- The Washington Times - Wednesday, August 7, 2002

LONDON Britain yesterday sent its first ministerial mission to Libya in 18 years to try to sign up Libyan leader Moammar Gadhafi in the war against international terrorism.

Prime Minister Tony Blair sent Foreign Office Minister Mike O'Brien on a two-day trip to Tripoli for a meeting with the Libyan strongman, himself once the target of accusations from London and Washington that his regime trained and backed terrorists.

As he left for Tripoli, Mr. O'Brien told journalists his visit "comes after four years of critical engagement with Libya, an engagement that has produced results."

"My message for the Libyan leadership is that we want to see further progress on the outstanding issues between us on terrorism and on weapons of mass destruction," he said. "A Libya which cooperates fully with the international community, including on terrorism, is very much in our interests."

Diplomatic sources said the British minister also would discuss with Col. Gadhafi whether U.S.-led allied forces that included Britain would at some point carry out military strikes against Iraq to "take out" Baghdad's capability for producing nuclear, chemical and biological weapons.

The source indicated that Britain was mainly concerned with finding out how Col. Gadhafi might react to such an attack rather than having any hope of cooperation or participation in a military operation.

The Times newspaper in London said it had learned that Mr. O'Brien also will ask Col. Gadhafi to assist London and Washington by providing intelligence on terrorist leader Osama bin Laden and his al Qaeda network.

Specifically, government sources said, the British minister will try to get Col. Gadhafi to ratify the Chemical Weapons Convention.

"Libya has signed all 12 international terrorist conventions," Mr. O'Brien said. "We are looking for it to accede to the Chemical Weapons Convention, as promised in 2001."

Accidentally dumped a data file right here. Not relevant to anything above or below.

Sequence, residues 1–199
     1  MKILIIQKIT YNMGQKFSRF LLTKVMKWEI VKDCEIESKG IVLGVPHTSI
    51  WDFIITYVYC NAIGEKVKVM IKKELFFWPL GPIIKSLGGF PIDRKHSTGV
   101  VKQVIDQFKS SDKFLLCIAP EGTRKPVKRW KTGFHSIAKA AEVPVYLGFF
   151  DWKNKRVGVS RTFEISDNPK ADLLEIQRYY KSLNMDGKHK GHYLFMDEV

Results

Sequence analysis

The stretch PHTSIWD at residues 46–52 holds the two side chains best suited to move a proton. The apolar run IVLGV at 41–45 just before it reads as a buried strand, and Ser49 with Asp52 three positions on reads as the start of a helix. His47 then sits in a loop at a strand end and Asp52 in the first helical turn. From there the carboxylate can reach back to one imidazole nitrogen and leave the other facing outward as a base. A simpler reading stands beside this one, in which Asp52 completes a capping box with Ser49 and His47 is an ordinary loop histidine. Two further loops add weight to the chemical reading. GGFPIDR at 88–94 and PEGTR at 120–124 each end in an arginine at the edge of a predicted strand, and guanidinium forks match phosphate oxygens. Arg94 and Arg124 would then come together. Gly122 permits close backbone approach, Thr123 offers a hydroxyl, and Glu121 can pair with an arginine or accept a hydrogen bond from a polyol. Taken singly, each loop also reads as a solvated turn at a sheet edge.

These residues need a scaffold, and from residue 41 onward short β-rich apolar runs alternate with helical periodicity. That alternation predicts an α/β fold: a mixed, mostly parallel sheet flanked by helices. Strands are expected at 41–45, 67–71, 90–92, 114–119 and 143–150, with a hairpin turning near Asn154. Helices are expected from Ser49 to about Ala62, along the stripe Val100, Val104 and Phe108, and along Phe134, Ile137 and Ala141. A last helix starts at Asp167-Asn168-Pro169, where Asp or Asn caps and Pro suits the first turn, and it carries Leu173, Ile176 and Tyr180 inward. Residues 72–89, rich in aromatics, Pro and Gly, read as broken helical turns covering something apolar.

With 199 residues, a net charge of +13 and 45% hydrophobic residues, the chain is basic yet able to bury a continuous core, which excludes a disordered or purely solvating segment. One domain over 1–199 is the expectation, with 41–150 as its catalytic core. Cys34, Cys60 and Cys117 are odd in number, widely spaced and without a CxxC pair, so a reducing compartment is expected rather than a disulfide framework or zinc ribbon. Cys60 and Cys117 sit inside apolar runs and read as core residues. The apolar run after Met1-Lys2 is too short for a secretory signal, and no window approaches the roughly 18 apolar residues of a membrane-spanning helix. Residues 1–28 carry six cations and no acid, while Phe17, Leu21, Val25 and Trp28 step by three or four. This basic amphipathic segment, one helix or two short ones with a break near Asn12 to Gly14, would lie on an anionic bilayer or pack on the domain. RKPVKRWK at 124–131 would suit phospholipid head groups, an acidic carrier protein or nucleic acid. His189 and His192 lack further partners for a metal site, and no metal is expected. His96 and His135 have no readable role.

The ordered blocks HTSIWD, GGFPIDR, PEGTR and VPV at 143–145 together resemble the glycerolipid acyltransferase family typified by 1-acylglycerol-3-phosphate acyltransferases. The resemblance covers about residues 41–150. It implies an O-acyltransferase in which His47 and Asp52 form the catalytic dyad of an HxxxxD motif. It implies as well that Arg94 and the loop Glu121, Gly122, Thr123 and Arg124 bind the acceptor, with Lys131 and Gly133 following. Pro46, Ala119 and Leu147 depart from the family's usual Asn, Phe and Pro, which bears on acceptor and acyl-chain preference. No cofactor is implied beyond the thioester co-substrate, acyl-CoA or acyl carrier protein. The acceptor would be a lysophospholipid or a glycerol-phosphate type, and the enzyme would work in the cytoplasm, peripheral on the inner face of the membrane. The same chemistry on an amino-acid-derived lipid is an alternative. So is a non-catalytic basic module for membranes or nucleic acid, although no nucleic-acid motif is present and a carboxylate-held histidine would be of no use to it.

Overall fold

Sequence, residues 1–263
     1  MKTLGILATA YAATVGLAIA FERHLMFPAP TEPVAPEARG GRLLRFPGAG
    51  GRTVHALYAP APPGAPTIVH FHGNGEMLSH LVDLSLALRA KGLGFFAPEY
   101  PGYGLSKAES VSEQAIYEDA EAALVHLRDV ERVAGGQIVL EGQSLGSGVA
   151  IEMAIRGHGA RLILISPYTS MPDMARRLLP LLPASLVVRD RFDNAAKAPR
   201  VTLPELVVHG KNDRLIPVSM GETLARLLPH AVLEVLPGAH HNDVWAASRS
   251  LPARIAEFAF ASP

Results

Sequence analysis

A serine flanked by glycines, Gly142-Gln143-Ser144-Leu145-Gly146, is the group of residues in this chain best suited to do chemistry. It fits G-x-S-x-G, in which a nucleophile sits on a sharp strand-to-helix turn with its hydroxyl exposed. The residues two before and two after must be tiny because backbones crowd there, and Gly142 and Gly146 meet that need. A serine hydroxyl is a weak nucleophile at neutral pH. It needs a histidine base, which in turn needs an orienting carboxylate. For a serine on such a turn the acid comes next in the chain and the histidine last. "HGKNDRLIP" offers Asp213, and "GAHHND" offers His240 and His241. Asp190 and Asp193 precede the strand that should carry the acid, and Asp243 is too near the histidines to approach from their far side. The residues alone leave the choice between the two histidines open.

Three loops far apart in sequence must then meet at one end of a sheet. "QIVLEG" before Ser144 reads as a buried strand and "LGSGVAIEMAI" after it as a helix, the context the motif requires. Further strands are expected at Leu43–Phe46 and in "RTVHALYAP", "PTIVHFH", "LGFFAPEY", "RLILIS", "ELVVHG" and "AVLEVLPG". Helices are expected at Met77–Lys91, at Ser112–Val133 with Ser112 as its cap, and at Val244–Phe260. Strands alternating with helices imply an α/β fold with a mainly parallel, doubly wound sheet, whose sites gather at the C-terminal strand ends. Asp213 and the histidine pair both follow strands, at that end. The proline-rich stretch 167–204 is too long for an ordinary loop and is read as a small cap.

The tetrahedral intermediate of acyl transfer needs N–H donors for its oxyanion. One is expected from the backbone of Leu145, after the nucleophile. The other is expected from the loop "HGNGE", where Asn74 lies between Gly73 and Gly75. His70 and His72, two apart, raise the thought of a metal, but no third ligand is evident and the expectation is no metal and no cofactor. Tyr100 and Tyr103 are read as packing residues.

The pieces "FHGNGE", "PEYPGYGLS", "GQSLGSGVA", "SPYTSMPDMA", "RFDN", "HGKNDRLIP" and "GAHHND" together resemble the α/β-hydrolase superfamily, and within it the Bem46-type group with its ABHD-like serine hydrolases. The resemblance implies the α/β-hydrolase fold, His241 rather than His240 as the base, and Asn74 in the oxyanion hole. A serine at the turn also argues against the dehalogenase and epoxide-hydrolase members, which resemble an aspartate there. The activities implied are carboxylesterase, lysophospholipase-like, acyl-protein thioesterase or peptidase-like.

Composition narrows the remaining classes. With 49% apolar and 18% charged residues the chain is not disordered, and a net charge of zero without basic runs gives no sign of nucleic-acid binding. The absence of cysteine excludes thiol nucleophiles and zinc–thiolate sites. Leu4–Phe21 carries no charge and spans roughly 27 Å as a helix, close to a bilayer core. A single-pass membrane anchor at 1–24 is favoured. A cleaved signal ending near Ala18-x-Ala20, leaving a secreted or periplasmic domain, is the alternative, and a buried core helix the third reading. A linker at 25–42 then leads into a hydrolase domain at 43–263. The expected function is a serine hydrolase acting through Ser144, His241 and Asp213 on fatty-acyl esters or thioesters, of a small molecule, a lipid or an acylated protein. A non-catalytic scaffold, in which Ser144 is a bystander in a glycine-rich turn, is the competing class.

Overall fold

Five years ago, the United States accused Libya of using an underground plant to manufacture chemical weapons. Tripoli insisted the facility was a pharmaceutical plant, but work on the site ceased after Washington's complaints.

Other issues remaining and expected to come under discussion between Mr. O'Brien and Col. Gadhafi are those lingering from the bombing of a Pan Am flight over Lockerbie, Scotland, in December 1988, which killed 270 persons.

Britain severed diplomatic ties with Tripoli in 1984 over the fatal shooting of police Officer Yvonne Fletcher outside the Libyan Embassy in London. Relations worsened two years later when the United States used British bases to carry out air strikes against Libya.

Diplomatic relations between London and Tripoli were restored in 1999 after Col. Gadhafi's government accepted responsibility and paid compensation for Officer Fletcher's death. Mr. O'Brien's mission yesterday was described by diplomatic observers as a "major breakthrough" in solidifying those ties.

Also in 1999, Mr. Gadhafi turned over two Libyan officials for trial in the Lockerbie bombing. Only one, Abdel Basset Ali al-Megrahi, was convicted, and Col. Gadhafi is expected to demand that Britain allow him to be transferred from a cell in Scotland to a prison in a Muslim country.

London is unlikely to agree to such a move. Meanwhile, that case continues to fuel other disagreements between the two nations, including Britain's demand that Libya accept full responsibility for Megrahi's terrorism, pay appropriate compensation and cooperate with investigations into the bombing.

Col. Gadhafi agreed to pay some compensation, but the details are still under negotiation. The Libyan leader has steadfastly rejected any notion that Libya should formally accept responsibility for Lockerbie.

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